As weird as this recipe might sound to you, I am telling you now that this is the best chocolate ice cream that I've ever had. Bear in mind that that is coming from a chocolate snob. And for any of you who might be freaked out by the beer, trust me when I tell you that the Guinness adds an interesting depth and complexity to the custard. It's a nice, very subtly bitter counterpoint to all of the richness of the dairy. I tasted the custard before and after the addition of the Guinness (you know, strictly for scientific purposes) and the beer really does make the difference.
I came across this recipe on the blog of another Michelle, over at Brown Eyed Baker. The following is my modified version of her modified version of a recipe from David Lebovitz's "The Perfect Scoop". I can't help it, I'm a modifier. Sometimes I shoot myself in the foot with my tinkering, but in this instance, I am happy with my finished product. So make it my way or make it her way, just do yourself a favor and make this ice cream!
Guinness Chocolate Ice Cream
This recipe makes 1 quart. I made a double batch with no trouble. ;)
5 ounces semi-sweet chocolate, finely chopped (I used Callebaut)
1 cup whole milk
1/2 cup plus 2 tablespoons granulated sugar
Pinch of salt
4 egg yolks
1 cup heavy cream
¾ cup Guinness Stout
1 teaspoon vanilla extract
1. Put the chopped chocolate in a large bowl and set a mesh strainer over the top, set aside.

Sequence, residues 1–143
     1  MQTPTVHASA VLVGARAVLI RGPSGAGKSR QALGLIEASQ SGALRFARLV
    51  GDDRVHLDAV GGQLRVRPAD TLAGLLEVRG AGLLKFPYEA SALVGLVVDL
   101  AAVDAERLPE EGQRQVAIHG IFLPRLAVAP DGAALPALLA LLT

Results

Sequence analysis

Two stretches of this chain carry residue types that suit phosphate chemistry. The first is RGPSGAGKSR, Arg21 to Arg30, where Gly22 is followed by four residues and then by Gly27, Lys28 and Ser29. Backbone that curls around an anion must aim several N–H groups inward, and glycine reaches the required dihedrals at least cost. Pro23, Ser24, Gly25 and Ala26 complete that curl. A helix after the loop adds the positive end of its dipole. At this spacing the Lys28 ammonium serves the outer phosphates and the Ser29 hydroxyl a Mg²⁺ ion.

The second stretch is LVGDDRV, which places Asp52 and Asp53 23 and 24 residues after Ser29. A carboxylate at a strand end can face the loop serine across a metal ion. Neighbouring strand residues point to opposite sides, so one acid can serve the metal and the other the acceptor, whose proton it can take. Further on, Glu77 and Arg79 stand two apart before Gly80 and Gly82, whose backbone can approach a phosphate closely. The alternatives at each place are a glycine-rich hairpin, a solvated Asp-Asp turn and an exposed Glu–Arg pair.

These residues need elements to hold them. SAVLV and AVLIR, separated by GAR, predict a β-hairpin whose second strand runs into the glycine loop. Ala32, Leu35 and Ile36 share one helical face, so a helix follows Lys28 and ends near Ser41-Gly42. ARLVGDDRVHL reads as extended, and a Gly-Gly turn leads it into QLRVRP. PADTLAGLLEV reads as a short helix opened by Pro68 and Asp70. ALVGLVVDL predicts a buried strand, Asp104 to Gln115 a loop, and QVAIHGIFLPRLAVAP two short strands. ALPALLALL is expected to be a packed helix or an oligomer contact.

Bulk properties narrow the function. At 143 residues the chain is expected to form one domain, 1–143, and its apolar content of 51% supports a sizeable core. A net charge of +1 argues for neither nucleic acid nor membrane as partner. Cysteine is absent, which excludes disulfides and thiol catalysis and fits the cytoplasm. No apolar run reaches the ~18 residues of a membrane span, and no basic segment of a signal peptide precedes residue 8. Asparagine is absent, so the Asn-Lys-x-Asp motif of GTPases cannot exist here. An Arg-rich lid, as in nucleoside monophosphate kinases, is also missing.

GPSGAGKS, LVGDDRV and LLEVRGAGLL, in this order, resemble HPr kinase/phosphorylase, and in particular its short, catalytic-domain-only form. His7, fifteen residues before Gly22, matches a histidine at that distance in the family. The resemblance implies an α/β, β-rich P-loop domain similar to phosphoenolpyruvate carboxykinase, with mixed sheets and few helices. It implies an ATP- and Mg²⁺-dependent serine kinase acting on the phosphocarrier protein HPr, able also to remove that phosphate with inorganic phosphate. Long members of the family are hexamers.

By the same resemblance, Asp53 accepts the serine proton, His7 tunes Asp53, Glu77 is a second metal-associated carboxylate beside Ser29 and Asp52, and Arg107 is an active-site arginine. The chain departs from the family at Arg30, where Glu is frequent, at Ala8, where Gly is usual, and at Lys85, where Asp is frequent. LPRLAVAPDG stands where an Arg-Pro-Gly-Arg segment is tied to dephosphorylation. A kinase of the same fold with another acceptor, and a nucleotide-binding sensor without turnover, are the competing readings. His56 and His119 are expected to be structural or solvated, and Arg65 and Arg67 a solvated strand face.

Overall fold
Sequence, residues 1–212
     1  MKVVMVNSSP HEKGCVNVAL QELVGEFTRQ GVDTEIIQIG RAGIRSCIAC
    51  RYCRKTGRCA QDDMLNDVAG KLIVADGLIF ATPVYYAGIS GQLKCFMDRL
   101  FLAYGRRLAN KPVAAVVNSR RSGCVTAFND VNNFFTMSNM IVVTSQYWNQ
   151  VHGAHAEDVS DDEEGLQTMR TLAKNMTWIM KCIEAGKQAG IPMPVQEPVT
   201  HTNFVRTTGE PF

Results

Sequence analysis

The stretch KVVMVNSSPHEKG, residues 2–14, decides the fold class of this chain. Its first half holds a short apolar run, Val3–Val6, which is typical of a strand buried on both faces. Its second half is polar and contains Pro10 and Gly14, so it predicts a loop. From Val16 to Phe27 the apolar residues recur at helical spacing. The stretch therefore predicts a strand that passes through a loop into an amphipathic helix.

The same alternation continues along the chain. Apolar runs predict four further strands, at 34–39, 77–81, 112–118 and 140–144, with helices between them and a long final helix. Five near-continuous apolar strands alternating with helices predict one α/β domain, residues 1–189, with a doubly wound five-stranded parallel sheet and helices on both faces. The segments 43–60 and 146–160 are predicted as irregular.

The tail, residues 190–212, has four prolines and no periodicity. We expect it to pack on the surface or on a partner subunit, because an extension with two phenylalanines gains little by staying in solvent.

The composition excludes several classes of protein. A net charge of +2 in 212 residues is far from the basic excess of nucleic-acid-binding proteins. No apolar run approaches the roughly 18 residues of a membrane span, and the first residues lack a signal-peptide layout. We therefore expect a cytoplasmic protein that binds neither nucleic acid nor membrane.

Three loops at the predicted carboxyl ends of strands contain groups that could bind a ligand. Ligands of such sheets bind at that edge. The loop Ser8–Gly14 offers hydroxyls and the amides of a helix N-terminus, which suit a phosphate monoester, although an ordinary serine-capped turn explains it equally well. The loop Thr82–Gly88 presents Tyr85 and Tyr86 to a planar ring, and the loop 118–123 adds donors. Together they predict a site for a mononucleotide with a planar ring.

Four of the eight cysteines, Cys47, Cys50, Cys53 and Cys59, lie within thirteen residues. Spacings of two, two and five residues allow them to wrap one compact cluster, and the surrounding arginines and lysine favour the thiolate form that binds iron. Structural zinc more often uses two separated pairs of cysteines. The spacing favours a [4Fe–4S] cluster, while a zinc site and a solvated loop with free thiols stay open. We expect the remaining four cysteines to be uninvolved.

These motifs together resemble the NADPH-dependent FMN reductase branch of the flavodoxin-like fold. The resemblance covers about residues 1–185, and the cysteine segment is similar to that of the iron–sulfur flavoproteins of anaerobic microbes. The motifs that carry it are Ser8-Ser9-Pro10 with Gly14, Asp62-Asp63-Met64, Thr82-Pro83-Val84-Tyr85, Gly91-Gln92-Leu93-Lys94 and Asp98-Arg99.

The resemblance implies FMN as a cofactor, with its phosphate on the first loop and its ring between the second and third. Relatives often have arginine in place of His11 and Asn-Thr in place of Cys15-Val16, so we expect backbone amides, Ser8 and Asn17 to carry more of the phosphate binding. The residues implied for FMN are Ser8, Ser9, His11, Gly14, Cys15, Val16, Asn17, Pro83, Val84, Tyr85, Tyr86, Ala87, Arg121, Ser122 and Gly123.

2. Warm the milk, sugar and salt in a medium saucepan. In a separate bowl, whisk together the egg yolks. Slowly pour the warm milk mixture into the beaten egg yolks, whisking constantly to temper them without cooking them, then pour the warmed egg yolk/milk mixture back into the saucepan.
3. Stir the egg yolk/milk mixture constantly over medium heat with a heatproof spatula, scraping the bottom as you stir, until the mixture thickens and coats the spatula, forming a custard. Pour the custard through the strainer over the bowl of chopped chocolate, catching and discarding any bits of cooked egg. Stir until the chocolate is melted and incorporated. Once the mixture is smooth, whisk in the cream, followed by the Guinness and vanilla extract.
4. Chill the mixture thoroughly in the refrigerator (it is recommended that you chill it for at least 8 hours or overnight), then churn in your ice cream maker according to the manufacturer’s instructions. (My ice cream maker went kaput on me, so I used the freezer bowl portion of it only. After 6 hours of cooling before freezing, then another 2 hours in the in the freezer (in the freezer bowl), I had a nice, soft-set ice cream.)
Four easy steps, followed by a painfully long wait pacing back and forth in front of the freezer, and you have yourself a wickedly delicious bowl of ice cream. :)